After spending a few hours on intensive sightseeing you will probably be starving so I invite you for lunch.

Where to eat lunch in St Andrews

 St Andrews delights with the number of unusual and charming places serving delicious meals so it wasn’t easy for me to choose the best ones, but I made my decision based not only on the food but also on the atmosphere of these places so I present to you my list of places where you can eat and let your leg rest for a while.

1. The Grange Inn Restaurant

    This restaurant is located in a 17th-century building, the atmosphere of this place will take you on a journey into the past and the food will surely delight you with its modern flavours.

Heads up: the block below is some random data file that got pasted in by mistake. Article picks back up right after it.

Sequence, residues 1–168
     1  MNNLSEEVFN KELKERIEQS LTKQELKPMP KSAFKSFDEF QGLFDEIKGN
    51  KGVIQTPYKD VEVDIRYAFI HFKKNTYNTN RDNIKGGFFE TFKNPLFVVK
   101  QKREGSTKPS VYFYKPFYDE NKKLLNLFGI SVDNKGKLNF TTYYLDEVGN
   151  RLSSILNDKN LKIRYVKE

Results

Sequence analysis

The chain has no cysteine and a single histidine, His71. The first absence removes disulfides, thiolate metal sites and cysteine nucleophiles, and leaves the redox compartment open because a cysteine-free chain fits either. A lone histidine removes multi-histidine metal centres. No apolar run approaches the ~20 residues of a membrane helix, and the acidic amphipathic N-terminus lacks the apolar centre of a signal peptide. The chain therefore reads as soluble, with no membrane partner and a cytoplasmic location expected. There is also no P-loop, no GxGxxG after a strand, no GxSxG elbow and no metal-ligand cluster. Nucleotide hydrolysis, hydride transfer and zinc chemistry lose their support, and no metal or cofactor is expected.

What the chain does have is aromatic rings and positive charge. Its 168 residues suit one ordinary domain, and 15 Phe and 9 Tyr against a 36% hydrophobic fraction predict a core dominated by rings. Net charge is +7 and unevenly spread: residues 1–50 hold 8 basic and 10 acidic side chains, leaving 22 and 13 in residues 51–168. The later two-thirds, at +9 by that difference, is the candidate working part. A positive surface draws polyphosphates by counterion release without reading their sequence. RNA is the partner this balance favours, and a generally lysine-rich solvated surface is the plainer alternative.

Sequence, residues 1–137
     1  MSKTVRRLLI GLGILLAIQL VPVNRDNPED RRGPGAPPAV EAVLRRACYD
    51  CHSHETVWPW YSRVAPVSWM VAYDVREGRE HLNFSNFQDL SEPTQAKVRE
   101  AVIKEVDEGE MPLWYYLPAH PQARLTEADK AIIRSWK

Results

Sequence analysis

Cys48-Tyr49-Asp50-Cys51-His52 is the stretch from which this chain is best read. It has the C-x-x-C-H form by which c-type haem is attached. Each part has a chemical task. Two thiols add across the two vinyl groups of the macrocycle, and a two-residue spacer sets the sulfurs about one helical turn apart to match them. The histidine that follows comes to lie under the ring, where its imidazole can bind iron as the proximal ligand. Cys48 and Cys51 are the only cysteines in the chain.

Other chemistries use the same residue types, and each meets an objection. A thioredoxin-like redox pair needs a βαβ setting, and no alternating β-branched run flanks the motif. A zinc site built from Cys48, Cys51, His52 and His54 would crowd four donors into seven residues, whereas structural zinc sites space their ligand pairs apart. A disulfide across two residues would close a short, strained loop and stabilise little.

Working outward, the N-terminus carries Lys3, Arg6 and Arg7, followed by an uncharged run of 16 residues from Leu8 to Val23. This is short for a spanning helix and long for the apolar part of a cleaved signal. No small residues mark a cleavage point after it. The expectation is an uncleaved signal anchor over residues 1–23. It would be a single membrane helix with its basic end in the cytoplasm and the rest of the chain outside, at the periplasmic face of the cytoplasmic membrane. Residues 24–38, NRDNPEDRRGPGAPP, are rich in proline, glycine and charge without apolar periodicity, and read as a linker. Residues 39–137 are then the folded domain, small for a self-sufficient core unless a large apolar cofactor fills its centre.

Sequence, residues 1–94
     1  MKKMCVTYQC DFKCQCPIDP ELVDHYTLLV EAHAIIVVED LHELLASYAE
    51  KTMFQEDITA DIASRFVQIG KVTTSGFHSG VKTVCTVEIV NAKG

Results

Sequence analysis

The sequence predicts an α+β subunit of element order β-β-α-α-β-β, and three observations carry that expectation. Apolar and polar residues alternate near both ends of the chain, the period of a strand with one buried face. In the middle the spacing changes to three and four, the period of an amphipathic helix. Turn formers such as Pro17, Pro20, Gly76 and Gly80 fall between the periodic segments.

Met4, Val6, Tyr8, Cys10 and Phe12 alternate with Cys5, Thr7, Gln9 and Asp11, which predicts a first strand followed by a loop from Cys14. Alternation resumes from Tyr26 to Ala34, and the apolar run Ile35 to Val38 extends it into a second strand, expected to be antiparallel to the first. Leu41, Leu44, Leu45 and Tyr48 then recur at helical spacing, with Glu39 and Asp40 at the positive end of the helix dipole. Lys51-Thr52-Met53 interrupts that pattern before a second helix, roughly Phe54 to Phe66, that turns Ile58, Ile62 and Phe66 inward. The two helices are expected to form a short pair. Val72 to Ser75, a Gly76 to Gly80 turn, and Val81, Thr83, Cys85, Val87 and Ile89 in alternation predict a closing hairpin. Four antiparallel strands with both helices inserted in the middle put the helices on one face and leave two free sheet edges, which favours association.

2. The Criterion

    If you want to feel the atmosphere of a real pub and eat fish and chips or delicious steak this place is made for you. In addition, the charming building provides the magic of Scottish experiences.

3. St Andrews Waffle Company or Jannettas Gelateria

    However, if you are not really hungry to eat a big meal but something smaller and drink delicious coffee or tea, I invite you to these two places. In one place you can eat fantastic waffles in the other – delicious ice cream. What do you fancy?

   Once you have rested and eaten, I invite you to continue our journey. This time we are going to see St Salvador’s Hall.

St Salvator’s Hall

    If dormitories doesn’t sound like the best place to visit, it’s probably because you’ve never seen St Salvator’s Hall. The building was built in 1930 and is located right next to United College Quadrangle.